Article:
In these challenging times of the coronavirus pandemic, teachers are forced to come to new and different ways of teaching and meeting the needs of their students and the families they serve. For most of us, this is a very difficult task, as we are bound by what the schools are telling us we must do, what we cannot do, what we need to learn and what we are used to doing. Truly, what is needed is a new, imaginative way of teaching that engages the child(ren) in non-traditional, creative ways. Being a Waldorf trained teacher, I have found the essential elements to my lessons to be rhythm, incorporating artistic work, and incorporating movement. These same core elements hold true in the classroom in and online/digital learning experiences.
Throughout my many years of teaching, I have found that a rhythm to the lesson is what makes things flow almost effortlessly. I start the lesson with a greeting, a reminder of the day and date, and asking students to be prepared for our lesson (materials needed, homework or project from a previous lesson, and so on). Next, we move into an activity that helps calm and focus the students and me. To accomplish this, I use speech work, including poetry recitation. At times I might use a moment of silence, or even some gentle movement that encourages quiet and focus. These latter two items have been especially effective with middle school students. Next, we engage in some movement exercises to get us warmed up and ready for more formal learning. Typically, I combine movement with speech or times tables for optimal priming for learning. Next, I move into a review of the last lesson and what we are going to do today, which then leads us into the bulk of the lesson. Depending on the academic focus of the lesson, we could be drawing, hearing a story or a presentation from me or other students, working on a math problem, a group project, or anything that helps us more deeply engage with our topic and with each other. Toward the end of our time together, I might present something new for the students to ponder or “sleep on”, something that we can come back to with some eagerness the next day. I might “assign” some homework, something to discover or investigate, a challenge or something that might keep the student engaged in a fun, creative manner without any help from parents. Students write down this assignment in a special journal or pad of paper, and this sharpens their executive functioning skills. We end with a short closing verse, I say goodbye and thank you to the students, and the students reciprocate the gesture.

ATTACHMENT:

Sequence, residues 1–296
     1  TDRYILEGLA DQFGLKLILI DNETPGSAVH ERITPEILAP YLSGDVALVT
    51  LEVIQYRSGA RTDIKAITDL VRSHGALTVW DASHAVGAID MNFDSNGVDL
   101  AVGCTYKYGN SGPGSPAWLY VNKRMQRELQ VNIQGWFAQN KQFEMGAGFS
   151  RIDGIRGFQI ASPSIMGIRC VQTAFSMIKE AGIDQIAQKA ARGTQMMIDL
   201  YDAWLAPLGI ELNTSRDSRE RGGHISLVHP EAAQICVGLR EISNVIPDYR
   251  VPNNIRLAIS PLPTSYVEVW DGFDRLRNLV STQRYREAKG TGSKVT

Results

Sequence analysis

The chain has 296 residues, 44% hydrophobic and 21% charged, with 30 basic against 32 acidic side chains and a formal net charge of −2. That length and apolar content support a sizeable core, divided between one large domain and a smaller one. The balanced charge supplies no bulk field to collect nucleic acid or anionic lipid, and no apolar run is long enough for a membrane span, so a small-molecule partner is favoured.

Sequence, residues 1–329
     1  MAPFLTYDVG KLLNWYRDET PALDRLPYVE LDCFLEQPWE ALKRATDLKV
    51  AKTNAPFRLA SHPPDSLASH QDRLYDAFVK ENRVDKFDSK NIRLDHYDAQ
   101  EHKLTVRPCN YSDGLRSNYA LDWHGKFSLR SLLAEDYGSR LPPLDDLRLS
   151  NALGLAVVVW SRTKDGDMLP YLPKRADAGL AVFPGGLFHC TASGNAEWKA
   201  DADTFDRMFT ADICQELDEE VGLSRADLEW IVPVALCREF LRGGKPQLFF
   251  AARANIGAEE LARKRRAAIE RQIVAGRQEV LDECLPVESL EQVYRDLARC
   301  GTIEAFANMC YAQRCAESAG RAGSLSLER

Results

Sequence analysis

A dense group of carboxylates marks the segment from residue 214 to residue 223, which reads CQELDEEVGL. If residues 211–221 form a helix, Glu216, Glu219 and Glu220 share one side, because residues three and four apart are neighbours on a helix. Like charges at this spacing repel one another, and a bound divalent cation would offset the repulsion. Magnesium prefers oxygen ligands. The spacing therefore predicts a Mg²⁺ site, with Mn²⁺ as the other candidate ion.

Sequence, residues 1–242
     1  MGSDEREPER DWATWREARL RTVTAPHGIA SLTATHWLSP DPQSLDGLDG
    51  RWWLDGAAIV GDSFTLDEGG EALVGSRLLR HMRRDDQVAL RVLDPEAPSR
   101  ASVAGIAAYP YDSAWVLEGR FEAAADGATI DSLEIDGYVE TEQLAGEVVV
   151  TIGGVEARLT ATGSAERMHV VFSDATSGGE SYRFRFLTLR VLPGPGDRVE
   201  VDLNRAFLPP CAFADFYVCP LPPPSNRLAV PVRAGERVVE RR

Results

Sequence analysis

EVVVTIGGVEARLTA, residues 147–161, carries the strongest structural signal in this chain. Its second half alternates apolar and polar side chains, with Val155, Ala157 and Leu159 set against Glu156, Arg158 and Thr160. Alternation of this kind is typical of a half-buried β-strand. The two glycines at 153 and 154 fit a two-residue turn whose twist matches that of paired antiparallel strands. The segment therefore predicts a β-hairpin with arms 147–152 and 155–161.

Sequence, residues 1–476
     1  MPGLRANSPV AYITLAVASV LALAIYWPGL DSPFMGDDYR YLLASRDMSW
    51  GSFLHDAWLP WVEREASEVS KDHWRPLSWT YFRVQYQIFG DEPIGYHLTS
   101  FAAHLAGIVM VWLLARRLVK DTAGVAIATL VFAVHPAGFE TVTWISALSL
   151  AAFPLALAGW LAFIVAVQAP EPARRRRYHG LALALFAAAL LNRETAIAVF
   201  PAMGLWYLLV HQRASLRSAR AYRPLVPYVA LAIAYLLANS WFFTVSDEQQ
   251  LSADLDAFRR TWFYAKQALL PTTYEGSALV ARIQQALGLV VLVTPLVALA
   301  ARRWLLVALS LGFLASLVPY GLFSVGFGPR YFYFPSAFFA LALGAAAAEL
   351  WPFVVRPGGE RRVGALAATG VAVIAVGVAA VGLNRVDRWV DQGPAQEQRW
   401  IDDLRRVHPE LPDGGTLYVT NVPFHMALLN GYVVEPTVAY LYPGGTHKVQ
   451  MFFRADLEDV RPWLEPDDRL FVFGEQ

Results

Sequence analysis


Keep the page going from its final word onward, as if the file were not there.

Of course, there are many more elements to the lesson, but the main point is that the lessons are as much face-to-face as possible, always have the same rhythm or flow, have some imaginative or creative component, and some movement experiences. Something artistic, such as speech, drawing and/or story, depending on the age of the child(ren) is important, as it engages more than just intellectual learning. Finally, physical movement is important to keep students energized and focused (often I have the students move multiple times throughout the lesson to keep things interesting). There are many more things to consider for a well-rounded, well-run lesson, but these are just a few items that seem to constitute a successful and satisfying lesson(s) for me and my students.